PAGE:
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A handy N scale uncoupler — good for olives, too

Read this N scale column from the January 2015 Model Railroader

This red plastic sword is just right for uncoupling N scale cars.
Steven Otte photo
If you’re a model railroader, everywhere you go your antennae are out, scanning your environs for anything that might be useful to build with. And that leads me to swizzle sticks.

I was having lunch with a tableful of in-laws at Maggiano’s Little Italy, a popular chain with a restaurant near my home, when my eyes were drawn to the little red stir stick in my beverage. It was 51⁄2" long, shaped like a sword, and had a tip that looked as if it would work well for ­uncoupling N scale freight cars.

I took it home, tried it out, and found it worked even better than I thought it might. Evidently, the design requirements for spearing olives or lemon wedges and opening N scale coupler knuckles are very similar. And the even better news was that I had scored a half-dozen more stirrers from relatives, making it a highly successful evening.

In the months since I have acquired more stirrers from the restaurant, and I’ve also tried some from other establishments. Some work OK, but none quite as well as those little red swords.

If you want something specifically ­designed for model railroaders, Rix makes an uncoupling tool that works very well. It costs $3.95 – I own four – but the little swords work almost as well. And you can arm your layout with dozens on the cheap; the stirrers were free (with drink purchase, of course).

But now I turn to things that weren’t free, ­though they did turn out to be worth every penny.

Most of the coupling and uncoupling on my layout happens in Bakersfield. This is on my lower level, 43" above the floor. I would be the first to agree that this is too low, both for visual and operational reasons.

Because our N scale trains are small, I like them up where I can see them. A height of about 52" would be ideal. But I had to start my N scale layout low, because my trains have a mountain to climb. Because of the low height, Bakersfield is best operated from stools. This is made easier because in N scale, more yard tracks are within easy reach of the layout’s edge and the cuts of cars are shorter than they would be in the larger scales. Operators are bobbing up and leaning forward from their stools quite a bit, but they don’t have to walk around much.

The stools would also be handy on the mountainous part of the railroad. The main purpose of my Tehachapi Pass layout is to run trains up and over the Tehachapi Mountains. This wouldn’t be so tough if the pass had multiple tracks, as do Donner or Cajon, but the Teha­chapi route is so circuitous with so many tunnels that the best the Southern Pacific could do was a single-track railroad with some passing sidings squeezed in.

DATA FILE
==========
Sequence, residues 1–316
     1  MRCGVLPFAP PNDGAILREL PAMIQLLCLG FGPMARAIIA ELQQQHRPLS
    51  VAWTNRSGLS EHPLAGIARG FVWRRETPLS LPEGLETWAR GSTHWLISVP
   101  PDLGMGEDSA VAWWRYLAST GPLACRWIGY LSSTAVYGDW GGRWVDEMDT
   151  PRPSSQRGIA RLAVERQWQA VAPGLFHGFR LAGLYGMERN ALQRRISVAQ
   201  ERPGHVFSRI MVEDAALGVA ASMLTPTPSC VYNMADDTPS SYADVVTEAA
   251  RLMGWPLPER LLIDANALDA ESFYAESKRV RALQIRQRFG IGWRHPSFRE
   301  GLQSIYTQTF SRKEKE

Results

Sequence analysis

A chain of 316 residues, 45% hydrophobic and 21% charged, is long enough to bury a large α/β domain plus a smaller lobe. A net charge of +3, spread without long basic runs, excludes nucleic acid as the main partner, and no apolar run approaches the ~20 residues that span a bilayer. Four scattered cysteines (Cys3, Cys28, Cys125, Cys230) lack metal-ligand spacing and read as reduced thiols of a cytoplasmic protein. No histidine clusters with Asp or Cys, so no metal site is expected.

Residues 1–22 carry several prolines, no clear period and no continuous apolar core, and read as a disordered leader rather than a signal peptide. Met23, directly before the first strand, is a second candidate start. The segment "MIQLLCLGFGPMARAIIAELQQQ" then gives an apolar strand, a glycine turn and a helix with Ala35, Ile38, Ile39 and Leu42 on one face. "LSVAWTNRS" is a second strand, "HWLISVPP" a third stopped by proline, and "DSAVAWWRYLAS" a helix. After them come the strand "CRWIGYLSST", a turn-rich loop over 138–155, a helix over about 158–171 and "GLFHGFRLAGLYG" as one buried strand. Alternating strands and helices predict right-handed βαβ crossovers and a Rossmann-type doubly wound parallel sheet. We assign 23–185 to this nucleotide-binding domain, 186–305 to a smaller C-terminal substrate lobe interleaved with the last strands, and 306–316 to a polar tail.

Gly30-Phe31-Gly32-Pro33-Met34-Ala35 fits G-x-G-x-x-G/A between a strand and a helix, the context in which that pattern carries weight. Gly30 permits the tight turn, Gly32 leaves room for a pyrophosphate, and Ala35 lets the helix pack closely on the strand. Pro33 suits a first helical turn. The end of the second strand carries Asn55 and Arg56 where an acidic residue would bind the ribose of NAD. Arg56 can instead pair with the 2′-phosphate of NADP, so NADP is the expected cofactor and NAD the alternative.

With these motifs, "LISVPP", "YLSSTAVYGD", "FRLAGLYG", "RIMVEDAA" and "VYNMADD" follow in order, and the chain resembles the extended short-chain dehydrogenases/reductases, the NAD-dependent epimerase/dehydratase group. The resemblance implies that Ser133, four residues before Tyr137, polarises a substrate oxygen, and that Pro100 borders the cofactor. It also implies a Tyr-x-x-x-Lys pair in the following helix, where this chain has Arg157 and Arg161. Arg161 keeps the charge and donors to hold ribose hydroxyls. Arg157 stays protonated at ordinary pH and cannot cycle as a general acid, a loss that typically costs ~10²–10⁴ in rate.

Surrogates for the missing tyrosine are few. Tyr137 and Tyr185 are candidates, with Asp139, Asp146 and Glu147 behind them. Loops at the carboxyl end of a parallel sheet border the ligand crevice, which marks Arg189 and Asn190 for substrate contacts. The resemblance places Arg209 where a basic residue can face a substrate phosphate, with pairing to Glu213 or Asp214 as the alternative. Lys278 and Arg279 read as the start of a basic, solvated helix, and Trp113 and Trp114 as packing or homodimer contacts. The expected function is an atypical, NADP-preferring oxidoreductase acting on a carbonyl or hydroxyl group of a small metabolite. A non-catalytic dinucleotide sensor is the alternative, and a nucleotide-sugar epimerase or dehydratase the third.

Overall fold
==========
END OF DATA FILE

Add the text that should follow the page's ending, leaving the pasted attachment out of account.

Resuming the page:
So, because my mainline train operators are running on a single-track main, they’re going to get sidetracked a lot waiting for an oncoming train – or sometimes several – to come through.

To be prototypical, my engineers ought to be sitting while they wait – that’s what the trainmen are doing in real locomotive cabs. (I once saw an SP engineer with his feet up on the control stand, reading a Zane Grey Western ­novel. Looked pretty ideal to me.)

How nice it would be, I thought, if the crew had portable stools they could carry along with them, or just pull out from under the edge of the layout.
A 2-foot stool is perfect for switching Jim’s Bakersfield yard. N scale yards and trains are smaller, making sitting to switch practical.
Roen Kelly photo
Finding such stools turned out to be a surprisingly difficult 18-month search, probably because I had no idea where to look. Ask most people for leads on stools and you’ll end up looking at bar stools or kitchen stools, or maybe here in Wisconsin, milking stools. Kitchen stools were way too heavy, but svelte compared to bar stools. Most bar stools have heavy legs and footrests, arms, and a back, and seem better suited to hooking marlin.

Finally I found exactly what I was looking for at Target. It was a simple black stool with steel legs. They came in 2-foot and 3-foot heights; the former has worked out well. The price was right, $12 apiece. I bought four. I’m thinking I’ll go back and get a couple of 3-footers to use where the layout is ­higher, namely at the Tehachapi Loop. If I’m going to sit a spell, that’s where I’d like to do it.

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